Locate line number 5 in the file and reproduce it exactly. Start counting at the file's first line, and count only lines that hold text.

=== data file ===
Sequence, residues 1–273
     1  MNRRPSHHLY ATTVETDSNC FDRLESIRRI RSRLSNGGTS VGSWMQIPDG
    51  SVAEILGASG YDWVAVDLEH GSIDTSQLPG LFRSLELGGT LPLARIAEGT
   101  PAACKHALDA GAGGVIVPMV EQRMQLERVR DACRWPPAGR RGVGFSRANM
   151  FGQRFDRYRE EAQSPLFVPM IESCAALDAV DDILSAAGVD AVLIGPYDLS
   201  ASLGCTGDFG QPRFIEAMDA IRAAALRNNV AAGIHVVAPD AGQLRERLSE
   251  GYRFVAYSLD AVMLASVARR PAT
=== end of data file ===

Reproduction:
   151  FGQRFDRYRE EAQSPLFVPM IESCAALDAV DDILSAAGVD AVLIGPYDLS